In May 2008 in the abortion amendments to the Human Fertilisation and Embryology Bill (now Act), David Lammy voted to keep the current time limit of 24 weeks in line with the scientific and medical consensus.
Prayers at Local Council Meetings
In February 2012, the High Court ruled that Bideford Town Council saying prayers at the start of their meetings was unlawful as there was no specific statutory power permitting them, which is required for any council activity under a 1972 Act. The legal action had been brought by the National Secular Society and in media quotes they framed the issue in terms of the secular environment of the meetings and freedom of religion/human rights. Following the judgement, Mr Lammy appeared on BBC Radio 4's Any Questions that week. When asked about the Bideford decision he said:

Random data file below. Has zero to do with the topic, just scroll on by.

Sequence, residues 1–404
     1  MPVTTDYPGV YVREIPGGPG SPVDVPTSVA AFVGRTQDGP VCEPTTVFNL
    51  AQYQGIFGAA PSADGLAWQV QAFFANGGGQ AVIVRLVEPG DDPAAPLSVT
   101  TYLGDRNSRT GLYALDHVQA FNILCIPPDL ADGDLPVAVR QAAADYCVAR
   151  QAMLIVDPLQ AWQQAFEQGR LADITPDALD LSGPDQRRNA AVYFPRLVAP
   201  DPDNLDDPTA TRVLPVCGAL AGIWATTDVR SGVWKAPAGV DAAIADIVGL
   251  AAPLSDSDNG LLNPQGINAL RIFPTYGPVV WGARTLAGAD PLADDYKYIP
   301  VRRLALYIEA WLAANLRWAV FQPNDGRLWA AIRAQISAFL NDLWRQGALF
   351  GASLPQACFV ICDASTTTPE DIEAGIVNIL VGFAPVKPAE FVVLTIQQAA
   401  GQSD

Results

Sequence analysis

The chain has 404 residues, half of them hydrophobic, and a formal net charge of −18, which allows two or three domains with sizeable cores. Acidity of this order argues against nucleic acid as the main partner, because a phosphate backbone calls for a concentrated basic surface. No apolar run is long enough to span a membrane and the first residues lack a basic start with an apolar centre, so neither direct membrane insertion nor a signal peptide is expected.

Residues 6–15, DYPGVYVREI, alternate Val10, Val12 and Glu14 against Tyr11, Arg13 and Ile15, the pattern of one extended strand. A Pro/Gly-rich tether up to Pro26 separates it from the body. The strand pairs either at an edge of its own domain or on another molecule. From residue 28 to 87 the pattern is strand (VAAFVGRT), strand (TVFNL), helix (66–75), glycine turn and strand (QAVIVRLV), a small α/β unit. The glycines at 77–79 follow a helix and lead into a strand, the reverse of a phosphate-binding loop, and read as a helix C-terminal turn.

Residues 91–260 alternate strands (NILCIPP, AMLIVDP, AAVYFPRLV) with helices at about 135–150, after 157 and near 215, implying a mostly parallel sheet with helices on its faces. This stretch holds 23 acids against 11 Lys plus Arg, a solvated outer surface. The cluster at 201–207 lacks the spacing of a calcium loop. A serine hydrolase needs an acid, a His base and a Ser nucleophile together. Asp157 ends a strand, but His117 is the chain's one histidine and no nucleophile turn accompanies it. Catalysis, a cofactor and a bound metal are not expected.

- "Well, I'm glad, if it's the case, that this isn't about the individual's human rights, because I would want to assert our collective rights. And I do think that this country has a history, it is largely a Christian country. And therefore, I think it's completely normal that in council proceeding, in the House of Commons, in many schools up and down the country, people gather for prayer. But I also think that if you are Muslim, or Jewish, or of no faith, you do not have to take part in that practice. I do worry about an aggressive secularism, that is drowning out the ability of people of faith to live with that faith and also caricatures people of faith in a particular way. And ... I'd want to look at the judgement carefully, because Mehdi has read it and I certainly have not, but I do think our collective rights, and our collective history is important."
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